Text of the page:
A man is more easily lip-read if he does not have a mustache or a beard.

The use of language by "oral-deal" individuals is stilted; sibilant sounds (s, she, ch, j) may be missing; vocal tone may be flat and nasal; phrasing may be lacking; appropriate level of loudness or softness may be absent.


A person with hearing loss should be looking at you when you are talking;he/she does not like to be constantly tapped, poked, pushed or pulled; so to get his/her attention:

call his/her name.

tell someone near him/her to look at you.

flick a light on and off a few times.

stamp your foot once or twice.

gently wave a hand in front of his/her face.

Speak in an ordinary tone of voice; do not mouth each word since this distorts normal rhythm; a good lip reader is looking for thoughts, not single words.

Some teachers are more lip readable than others; always use your voice in conversation with a hearing impaired student.

Try not to talk with your back to the light, putting your face in shadow.

Try not to talk while writing on the board or walking around the room.

Do not repeat a question or statement the same way twice but say it again differently; it may be what you are saying is not easily seen on the lips; when you express it differently, it may become clear.

The student will not be able to use his/her eyes and ears simultaneously; he/she cannot be looking down writing and "listening" at the same time; if he/she looks away to make notes or to read, please wait until he/she looks at you again before speaking.

The student cannot keep up with rapid change of conversation in ordinary conversation; in group discussions, have someone jot down the topic every time it changes (the group situation is especially difficult for a lip reader because the speakers change rapidly).

It may be helpful if you write technical and complex terms on the blackboard since these words may not be easy to lip-read.

It may be useful to provide the student with a copy of your own lecture notes (some professors use this system).

Perhaps you could ask the student regularly if he/she is comprehending the course material, receiving sufficient support services, etc.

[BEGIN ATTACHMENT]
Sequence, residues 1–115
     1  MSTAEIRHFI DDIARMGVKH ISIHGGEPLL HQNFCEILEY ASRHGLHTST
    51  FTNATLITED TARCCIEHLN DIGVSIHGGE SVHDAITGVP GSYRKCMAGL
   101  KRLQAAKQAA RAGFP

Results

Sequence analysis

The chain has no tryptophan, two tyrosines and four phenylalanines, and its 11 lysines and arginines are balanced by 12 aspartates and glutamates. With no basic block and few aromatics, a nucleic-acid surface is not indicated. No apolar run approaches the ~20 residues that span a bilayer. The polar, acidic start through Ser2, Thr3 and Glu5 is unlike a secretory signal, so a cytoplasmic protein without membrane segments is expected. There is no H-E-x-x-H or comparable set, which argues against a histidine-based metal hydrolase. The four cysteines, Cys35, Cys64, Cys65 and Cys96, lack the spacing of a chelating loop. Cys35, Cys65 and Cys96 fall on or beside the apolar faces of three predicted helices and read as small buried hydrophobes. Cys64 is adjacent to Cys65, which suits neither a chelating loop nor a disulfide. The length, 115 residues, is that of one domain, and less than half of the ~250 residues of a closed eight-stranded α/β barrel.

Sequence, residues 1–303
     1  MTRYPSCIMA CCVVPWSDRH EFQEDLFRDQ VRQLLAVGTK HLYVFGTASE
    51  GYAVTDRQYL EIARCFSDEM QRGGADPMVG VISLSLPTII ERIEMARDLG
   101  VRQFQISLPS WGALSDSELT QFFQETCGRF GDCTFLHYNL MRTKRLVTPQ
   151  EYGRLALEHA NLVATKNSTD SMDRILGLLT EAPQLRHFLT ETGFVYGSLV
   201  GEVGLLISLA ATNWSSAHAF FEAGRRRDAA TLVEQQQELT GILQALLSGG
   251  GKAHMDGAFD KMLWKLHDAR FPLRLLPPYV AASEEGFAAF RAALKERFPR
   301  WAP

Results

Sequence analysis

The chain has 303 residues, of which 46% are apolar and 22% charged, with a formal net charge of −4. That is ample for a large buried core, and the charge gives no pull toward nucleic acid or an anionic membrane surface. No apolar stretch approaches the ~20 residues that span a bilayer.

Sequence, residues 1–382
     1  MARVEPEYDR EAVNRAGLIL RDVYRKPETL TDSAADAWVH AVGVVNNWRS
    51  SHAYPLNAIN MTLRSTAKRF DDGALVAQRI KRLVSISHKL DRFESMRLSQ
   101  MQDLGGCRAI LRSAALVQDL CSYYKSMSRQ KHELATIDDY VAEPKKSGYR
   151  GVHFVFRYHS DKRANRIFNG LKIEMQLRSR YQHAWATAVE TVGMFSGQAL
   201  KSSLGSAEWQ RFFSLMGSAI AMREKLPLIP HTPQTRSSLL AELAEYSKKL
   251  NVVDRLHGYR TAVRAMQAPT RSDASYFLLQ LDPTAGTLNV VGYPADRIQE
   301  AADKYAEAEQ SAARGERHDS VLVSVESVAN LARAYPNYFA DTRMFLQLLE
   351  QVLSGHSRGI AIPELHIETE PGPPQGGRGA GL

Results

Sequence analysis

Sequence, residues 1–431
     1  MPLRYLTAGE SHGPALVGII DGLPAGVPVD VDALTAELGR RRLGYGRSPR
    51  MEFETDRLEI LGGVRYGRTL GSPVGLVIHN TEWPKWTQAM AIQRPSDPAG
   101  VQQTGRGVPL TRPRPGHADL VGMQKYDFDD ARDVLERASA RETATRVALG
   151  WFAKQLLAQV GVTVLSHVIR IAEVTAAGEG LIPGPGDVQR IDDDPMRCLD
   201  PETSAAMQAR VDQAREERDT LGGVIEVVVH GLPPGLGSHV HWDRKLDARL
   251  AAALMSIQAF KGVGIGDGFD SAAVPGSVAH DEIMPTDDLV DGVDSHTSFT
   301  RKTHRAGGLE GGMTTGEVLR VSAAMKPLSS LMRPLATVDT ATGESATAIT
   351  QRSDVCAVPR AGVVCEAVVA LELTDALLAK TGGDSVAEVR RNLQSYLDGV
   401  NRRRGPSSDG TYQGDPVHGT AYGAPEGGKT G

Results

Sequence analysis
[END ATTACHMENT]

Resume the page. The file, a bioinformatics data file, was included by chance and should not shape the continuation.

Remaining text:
The overhead projector is an excellent teaching tool because it keeps the professor in one place in a well-lighted room.

The student may tape record lectures (with the professor's permission for later transcription; please note that most cassette recorders will only pick up the lecturer's voice in the area of the room where it is located; it will not record comments elsewhere in the room.

The student may be accompanied to class by a sign-language interpreter who will "translate" the lecture.

Students with hearing loss rely heavily on textbooks and written material to obtain information.

It would be helpful for them to have information about what is to be covered in class prior to the class session so that, where possible, the material can be read in advance and permit the student to become familiar with the new vocabulary.

If the teacher could provide key questions related to the material, it might make the student's preparation more meaningful.

Oral tests usually should not be given to hearing impaired students since they may penalize these individuals.

In order for the student to benefit maximally from any course, he/she may need:

note-takers who may accompany him/her to class (or students in the course who will allow him/her to photocopy their notes)

transcribers who will produce a written version of each lecture from a tape recording which he/she will make in class

possible tutors to help him/her review material.


Note-takers to allow for full attention to speaker or interpreter.

Use of an interpreter if appropriate.

Use of Real-Time Reporting if appropriate.

Use of an amplification system if appropriate and a specialized classroom on campus with acoustics designed to accommodate the FM system.

Front row seat to maximize the intake of visual cues.

Appropriate lighting even during the use of visual aids so the faculty member or interpreter can be seen at all times.

Exams with extended time if this is one of the students' documented accommodation.


Deliver lectures slowly and clearly.

Be sure you mouth is not covered by your hand or book.

Repeat words if necessary.

Face the class and not the chalkboard.

Avoid standing behind the student with a hearing loss, or walking back and forth in front of the class.

Write important material on the chalkboard or overhead transparency.

Hand out typed or printed notes.

Use closed captioned videos and movies. If they are not used, provide a written explanation of either the videotape, movie, use an interpreter, or provide a demonstration.

Give assignments in written form.

Repeat classmates' comments and questions.

Give the student adequate time to respond to questions.

Site   | Directories
Submit Search Request